Finance Office During Commissioner Madigan’s Term
Commissioner Sanghvi’s Office Currently
I emailed Saratoga Springs Finance Commissioner Minita Sanghvi inquiring about her transfer of $10,000.00 to an account for acquiring furniture. There is now $13,000.00 in that account. I also asked her about the decision to repaint her offices. The Finance office had acquired all new furniture and been painted two years ago after the fire in City Hall.
The following is her response to my emails and recent post and my reply.
Sanghivi: Dear Mr. Kaufmann,
I will respond to the issues you’ve raised in a recent blog post. Please print this response verbatim.
When I joined office (sic)I realized Commissioner Madigan didn’t have a desk, per se. She had part of her desk and then a small conference table that sat at a right angle to serve as a desk.
As we cleared up our deputy’s office, she needed extra storage so I gave her my storage units. We gave one of our cupboard storage to IT for their storage. One of the desks was given to Civil service for their use. We had a new position our executive assistant join (more on that later) and I gave the person Commissioner Madigan’s part desk. And I ordered an L shaped desk for my office and some storage shelves and drawers.
Kaufmann: [As can be confirmed by the photos above, Commissioner Sanghvi has basically stripped the office of the Finance Commissioner of most of the furniture that existed when she took over occupancy of the space 8 months ago. Although the furniture was brand new, based on her response, there will be little if any of those furnishings remaining in that office.
Most troubling is her reluctance to be clear about exactly what items she will be replacing all this furniture with and the specific cost of each item. Here she refers to an L shaped desk and “some storage shelves and drawers”. Later she mentions wanting to change to a couch and a “seater setting”. When I asked her for specific information, she responded in an email, “Please feel free to FOIL the information.” Commissioner Sanghvi knows it routinely takes six weeks or more to get FOILed documents from the city.
These are figures one assumes that she calculated before she made the request to the Council to add $10,000 to her budget. They should be readily available.
This is a foolish and problematic response from her on many levels. I will eventually secure the figures so the public, in theend,will find out this information, and her reluctance to release the figures now only extends the life of the story, something she may regret. By denying me this information now and making me go through the FOIL process, she triggers concerns as to exactly how lavish her redecorating plan is. She also undermines her credibility about her commitment to transparency.]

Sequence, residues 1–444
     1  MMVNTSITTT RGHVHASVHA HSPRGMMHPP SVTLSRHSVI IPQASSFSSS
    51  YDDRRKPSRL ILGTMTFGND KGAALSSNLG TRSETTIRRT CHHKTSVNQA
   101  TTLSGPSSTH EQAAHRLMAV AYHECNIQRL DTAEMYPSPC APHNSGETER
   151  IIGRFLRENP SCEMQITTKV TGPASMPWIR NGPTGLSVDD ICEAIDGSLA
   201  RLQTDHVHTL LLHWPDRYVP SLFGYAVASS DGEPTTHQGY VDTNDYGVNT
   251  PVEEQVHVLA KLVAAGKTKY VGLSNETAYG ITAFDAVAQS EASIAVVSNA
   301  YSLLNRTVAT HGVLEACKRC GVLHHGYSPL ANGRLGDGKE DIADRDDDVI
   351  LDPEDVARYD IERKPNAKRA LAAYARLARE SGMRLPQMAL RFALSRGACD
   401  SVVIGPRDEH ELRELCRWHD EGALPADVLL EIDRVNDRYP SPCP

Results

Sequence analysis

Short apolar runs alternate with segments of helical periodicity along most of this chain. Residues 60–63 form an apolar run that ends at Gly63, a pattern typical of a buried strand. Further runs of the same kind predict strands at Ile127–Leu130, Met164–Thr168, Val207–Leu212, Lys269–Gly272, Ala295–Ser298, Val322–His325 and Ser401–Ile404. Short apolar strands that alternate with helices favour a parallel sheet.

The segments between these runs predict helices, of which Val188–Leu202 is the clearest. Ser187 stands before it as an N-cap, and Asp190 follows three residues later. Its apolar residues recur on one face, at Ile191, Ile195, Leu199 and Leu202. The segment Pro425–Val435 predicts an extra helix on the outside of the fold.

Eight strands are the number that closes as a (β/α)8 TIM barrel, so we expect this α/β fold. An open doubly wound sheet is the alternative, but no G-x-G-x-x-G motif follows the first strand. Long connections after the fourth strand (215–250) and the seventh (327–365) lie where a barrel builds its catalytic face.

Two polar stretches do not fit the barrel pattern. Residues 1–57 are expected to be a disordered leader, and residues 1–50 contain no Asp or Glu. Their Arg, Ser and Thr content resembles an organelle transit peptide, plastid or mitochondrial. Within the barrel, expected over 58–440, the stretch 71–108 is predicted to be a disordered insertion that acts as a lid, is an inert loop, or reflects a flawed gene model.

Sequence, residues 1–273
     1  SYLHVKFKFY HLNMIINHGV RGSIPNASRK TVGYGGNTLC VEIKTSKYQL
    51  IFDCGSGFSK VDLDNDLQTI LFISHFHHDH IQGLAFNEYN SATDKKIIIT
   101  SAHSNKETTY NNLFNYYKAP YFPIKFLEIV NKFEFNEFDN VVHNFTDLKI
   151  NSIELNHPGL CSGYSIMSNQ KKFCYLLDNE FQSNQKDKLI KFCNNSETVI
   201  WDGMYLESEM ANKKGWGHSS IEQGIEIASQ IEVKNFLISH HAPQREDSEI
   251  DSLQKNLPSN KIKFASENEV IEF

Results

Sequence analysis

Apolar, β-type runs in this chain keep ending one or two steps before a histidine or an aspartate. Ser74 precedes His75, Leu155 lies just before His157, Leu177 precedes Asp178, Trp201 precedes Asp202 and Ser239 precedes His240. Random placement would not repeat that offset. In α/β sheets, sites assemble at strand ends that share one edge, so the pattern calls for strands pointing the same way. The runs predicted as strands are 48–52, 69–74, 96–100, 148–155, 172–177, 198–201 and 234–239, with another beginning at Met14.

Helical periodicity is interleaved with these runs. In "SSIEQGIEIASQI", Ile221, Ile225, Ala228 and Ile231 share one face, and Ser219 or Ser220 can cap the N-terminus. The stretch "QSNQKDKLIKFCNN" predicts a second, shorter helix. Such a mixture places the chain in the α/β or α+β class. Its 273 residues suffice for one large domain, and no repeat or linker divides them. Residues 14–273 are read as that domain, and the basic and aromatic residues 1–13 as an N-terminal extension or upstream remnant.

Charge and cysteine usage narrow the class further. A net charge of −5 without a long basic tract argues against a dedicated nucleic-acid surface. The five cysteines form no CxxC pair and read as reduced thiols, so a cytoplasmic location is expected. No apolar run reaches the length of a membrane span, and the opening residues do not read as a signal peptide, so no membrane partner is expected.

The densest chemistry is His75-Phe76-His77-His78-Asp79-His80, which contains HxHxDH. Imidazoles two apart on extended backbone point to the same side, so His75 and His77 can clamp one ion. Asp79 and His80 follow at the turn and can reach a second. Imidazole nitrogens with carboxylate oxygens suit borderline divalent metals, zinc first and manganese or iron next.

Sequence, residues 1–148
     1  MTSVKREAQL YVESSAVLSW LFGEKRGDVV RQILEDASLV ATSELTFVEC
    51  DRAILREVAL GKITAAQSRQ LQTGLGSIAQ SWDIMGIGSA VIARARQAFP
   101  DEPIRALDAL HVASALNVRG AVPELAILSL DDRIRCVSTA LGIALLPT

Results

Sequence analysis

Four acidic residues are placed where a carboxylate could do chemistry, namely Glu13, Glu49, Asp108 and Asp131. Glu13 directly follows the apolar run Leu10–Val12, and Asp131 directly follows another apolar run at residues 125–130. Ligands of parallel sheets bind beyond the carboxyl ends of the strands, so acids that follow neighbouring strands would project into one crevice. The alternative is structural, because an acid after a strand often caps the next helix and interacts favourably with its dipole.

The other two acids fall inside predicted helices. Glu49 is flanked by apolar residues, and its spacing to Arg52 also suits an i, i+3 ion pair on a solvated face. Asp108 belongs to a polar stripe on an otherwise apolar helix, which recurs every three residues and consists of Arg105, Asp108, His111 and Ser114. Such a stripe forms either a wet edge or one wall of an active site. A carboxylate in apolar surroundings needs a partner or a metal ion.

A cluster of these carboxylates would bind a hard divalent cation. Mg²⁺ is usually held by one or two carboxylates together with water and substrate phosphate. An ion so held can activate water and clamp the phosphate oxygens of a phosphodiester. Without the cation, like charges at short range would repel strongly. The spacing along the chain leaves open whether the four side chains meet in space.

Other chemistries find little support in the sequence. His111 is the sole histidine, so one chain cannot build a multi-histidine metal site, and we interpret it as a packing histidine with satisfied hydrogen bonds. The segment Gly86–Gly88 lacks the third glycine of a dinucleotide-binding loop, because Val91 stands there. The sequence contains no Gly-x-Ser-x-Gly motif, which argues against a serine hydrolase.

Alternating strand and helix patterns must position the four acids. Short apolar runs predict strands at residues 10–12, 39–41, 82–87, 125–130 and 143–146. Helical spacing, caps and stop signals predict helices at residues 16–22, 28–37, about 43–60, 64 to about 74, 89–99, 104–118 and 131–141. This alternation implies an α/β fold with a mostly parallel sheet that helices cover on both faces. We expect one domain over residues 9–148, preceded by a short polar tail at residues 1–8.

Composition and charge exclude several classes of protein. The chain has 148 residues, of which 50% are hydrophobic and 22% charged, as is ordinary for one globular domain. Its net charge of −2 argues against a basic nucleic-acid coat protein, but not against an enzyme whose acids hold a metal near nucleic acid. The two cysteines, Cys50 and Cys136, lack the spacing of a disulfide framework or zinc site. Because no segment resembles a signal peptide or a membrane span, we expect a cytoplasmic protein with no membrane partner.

Sanghvi: Commissioner Madigan also had a larger conference desk for visitors. When I set up an office, I found that style to be more confrontational than conversational. Not everyone is used to coming to city hall, many people are intimidated by it. So I wanted to change it to a couch and seater setting to make it more conversational, more inclusive.
Kaufmann: [There is a reason that offices routinely have conference tables. While the Finance Commissioner occasionally meets informally with members of the general public, the vast majority of office meetings involve internal staff of the city to discuss fiscal matters. Such meetings require an efficient design to seat a number of people who commonly will need a surface on which to place laptops or writing pads.
Sorry to descend to snarkiness, but it is hard to imagine the city department deputies spread out over sofas and easy chairs engaging in discussions trying to resolve city fiscal issues while trying to balance laptops on their knees.
I spent a good deal of my career at meetings, and my priority was that they be as efficient as possible. The meetings I went to or ran were not social events designed to be “conversational.” They were supposed to be designed to minimize chit-chat and get stuff done.
Here again, Commissioner Sanghvi exposes her lack of understanding of the nature of her office. This is particularly troubling as she has been in her position for eight months now.]
Sanghvi: 2. Grants writer
I agree with Commissioner Madigan completely that we need more support with grant writing. We had spoken about this during our transition, and our plan was to consolidate grant management in Finance since it dealt with the management of reimbursements and such. However, other departments were not particularly receptive to the idea. This is the problem of the commission form of government. Sometimes good faith efforts by commissioners are seen as power grabs. That was not at all what she or I had in mind. She added the position, and we both fought for it but were told repeatedly that it was not supportable by some of the other departments. Finally, we worked with individual departments to help them with grant-writing monies that worked based on their needs. I still believe this is something that is of use to our city in finance, but I am only one vote.
Kaufmann: [I’m having a hard time making sense of this. The position was adopted in the 2022 budget. Commissioner Sanghvi had the authority to simply hire the grant writer. She did not need approval from the current Council, and there was never any public discussion about who did or didn’t support this and why. Petty bureaucratic turf anxiety from unnamed colleagues (I understand Mayor Kim was adamantly opposed to the position) should not be an impediment to filling a position that even Commissioner Sanghvi admits is really needed.]